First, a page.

“It’s kind of like crawling back inside yourself,” she says, sounding uncharacteristically vulnerable for the first time. “I came out when I was 22. So I’d obviously lived in the closet for a long time. And it was kind of like going back to that dark place, and having that shadow over you. It follows you, wherever you go. You monitor the way you walk, the way you talk, the way you act, the things you say…it was like going back ten years.”

“That was the most difficult thing for me – not being able to express myself. I couldn’t laugh how I wanted, or do a death drop and throw myself on the floor, or say “hey girl!” or whatever. You know what I mean. You just couldn’t be yourself. So that was the most difficult part. But saying that, that’s where I come from. I come from the streets. I’ve had to learn.”

Despite echoes of her upbringing, Raven was still shocked by the conditions in prison. It is, she said, everything you think it’s going to be, and then some.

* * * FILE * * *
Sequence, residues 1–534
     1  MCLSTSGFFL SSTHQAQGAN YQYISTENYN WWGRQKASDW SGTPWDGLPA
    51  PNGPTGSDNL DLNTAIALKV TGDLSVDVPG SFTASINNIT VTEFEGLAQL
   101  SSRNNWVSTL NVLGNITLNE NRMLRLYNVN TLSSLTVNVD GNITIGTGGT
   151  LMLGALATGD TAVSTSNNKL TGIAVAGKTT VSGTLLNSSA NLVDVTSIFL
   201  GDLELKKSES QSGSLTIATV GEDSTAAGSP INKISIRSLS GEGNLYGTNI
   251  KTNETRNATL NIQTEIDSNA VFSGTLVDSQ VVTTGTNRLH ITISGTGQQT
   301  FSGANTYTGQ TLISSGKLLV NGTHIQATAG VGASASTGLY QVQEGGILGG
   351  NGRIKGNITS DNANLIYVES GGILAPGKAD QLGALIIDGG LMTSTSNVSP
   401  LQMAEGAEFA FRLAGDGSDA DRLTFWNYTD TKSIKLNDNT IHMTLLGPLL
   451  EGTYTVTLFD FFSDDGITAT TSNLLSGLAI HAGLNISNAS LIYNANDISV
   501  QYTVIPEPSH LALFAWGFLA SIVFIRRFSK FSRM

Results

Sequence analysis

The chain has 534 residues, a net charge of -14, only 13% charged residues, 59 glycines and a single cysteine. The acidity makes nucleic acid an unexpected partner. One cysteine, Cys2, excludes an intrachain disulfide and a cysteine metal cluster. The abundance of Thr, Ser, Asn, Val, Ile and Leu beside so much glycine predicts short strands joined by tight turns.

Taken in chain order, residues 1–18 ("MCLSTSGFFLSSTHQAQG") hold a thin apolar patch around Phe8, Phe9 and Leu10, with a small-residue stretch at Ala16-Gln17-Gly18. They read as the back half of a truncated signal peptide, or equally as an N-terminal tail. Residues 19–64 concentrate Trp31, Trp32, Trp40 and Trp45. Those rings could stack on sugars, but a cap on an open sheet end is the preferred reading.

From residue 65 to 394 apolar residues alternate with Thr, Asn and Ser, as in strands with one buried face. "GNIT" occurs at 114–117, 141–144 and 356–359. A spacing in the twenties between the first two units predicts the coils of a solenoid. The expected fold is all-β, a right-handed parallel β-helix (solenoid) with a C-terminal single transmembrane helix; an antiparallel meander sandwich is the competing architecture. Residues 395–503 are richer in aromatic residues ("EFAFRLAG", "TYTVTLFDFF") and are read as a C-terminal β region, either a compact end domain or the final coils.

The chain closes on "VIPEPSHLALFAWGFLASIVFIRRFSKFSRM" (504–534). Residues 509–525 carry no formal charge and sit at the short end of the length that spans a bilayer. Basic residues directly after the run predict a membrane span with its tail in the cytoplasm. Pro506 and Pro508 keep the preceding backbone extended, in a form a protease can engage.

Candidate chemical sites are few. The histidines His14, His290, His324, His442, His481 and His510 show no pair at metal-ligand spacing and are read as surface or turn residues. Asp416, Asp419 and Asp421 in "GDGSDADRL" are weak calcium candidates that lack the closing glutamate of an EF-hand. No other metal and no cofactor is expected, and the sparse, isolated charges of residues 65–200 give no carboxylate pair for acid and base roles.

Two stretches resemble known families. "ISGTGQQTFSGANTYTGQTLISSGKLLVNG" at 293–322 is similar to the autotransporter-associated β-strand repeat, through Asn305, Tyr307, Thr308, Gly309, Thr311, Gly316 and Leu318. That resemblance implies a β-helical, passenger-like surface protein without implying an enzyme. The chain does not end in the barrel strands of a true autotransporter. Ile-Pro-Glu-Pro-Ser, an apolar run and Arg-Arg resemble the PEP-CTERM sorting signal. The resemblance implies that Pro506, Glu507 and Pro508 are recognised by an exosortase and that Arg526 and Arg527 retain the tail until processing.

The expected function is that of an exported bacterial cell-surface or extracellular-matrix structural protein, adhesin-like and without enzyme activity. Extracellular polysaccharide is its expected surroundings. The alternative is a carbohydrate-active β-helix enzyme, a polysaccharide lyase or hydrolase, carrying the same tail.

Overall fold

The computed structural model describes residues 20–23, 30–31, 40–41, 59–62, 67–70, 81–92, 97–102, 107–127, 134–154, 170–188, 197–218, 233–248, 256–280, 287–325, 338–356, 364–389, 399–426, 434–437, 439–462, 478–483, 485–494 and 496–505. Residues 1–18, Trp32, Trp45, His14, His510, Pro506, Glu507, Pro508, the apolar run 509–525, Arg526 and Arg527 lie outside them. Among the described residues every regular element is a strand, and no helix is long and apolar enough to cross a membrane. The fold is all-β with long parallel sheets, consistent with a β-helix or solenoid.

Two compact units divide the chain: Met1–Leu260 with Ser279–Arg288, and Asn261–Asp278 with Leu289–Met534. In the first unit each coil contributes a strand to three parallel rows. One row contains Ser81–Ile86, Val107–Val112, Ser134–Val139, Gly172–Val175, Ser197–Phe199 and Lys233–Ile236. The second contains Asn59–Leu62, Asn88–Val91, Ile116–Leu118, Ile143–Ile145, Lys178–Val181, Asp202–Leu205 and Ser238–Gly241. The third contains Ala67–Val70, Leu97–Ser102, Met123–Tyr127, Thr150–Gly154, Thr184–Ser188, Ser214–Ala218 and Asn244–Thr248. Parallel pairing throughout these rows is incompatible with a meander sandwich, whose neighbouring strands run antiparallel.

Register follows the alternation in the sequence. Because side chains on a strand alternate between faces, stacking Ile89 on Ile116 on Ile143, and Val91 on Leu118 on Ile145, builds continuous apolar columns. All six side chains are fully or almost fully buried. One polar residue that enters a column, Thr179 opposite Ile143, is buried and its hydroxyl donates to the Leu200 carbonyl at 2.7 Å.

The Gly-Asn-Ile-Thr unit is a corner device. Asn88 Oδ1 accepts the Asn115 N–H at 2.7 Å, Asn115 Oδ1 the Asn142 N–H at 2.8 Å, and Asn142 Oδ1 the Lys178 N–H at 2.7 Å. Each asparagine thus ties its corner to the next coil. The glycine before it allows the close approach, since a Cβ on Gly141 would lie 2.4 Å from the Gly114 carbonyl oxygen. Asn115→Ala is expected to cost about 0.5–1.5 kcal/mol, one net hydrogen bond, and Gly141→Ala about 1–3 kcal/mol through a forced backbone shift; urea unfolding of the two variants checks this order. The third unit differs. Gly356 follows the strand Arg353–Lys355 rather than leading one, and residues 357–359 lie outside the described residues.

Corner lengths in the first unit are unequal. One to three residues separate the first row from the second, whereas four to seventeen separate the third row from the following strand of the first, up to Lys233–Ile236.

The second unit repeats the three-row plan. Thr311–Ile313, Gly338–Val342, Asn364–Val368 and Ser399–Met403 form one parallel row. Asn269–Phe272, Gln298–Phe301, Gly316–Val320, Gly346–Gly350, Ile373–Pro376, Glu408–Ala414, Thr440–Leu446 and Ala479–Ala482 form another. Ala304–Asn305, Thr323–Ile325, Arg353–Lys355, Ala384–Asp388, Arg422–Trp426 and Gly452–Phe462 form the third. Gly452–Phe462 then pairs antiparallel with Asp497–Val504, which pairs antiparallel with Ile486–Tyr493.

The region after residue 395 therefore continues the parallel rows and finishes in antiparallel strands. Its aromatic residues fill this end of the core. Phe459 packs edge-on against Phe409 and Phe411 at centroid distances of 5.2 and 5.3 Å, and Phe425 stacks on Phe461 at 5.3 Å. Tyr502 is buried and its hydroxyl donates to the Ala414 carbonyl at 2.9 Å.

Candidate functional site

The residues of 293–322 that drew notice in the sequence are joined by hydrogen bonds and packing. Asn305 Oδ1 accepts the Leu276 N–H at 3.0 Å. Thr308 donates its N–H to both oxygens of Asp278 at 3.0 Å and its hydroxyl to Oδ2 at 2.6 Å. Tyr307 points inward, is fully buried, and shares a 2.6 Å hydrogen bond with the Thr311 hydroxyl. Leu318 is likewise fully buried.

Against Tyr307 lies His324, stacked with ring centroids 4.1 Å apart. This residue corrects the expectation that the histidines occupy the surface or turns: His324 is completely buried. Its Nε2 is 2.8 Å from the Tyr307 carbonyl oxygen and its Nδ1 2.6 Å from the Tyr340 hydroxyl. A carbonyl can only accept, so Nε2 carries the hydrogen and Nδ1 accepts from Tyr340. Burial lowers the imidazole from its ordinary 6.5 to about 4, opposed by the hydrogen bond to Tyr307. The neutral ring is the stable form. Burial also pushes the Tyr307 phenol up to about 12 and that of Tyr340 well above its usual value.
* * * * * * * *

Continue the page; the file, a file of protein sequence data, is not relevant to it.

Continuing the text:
“It’s horrendous. You come out of your cell, and there are people getting slashed, people getting stabbed, and fights…all day, every day. People setting themselves on fire in their cells, people chopping their dicks off.”

Raven avoided the more corrosive aspects of life in prison by finding herself allies among some of the staff.

“I started working in the kitchens. For months, I couldn’t bring myself to get involved, but in the end I did. I started to get on with the women working there. And by the end, everyone knew I did drag! Even the prisoners! I was showing them pictures!”

Interestingly, once her peers had a greater insight into her life in the outside world, they seemed to understand and accept her more.

“The day before I got out, it was my birthday. I’d told everyone I was going. I was at work in the kitchen, chopping some onions, doing my bit. And all of a sudden I heard “Haaaappy birthdaaay…” and all the prisoners had baked me a cake! But because they couldn’t have candles, they’d used an oven lighter, holding it on top of the cake!”

“In the end, they were all really lovely. Even now they’ll call me sometimes on my phone, from their cells. There’s some really lovely people in jail. That sounds mad, but there are. They’re real. It was nice to just be around realness. Real realness. Real, actual people.”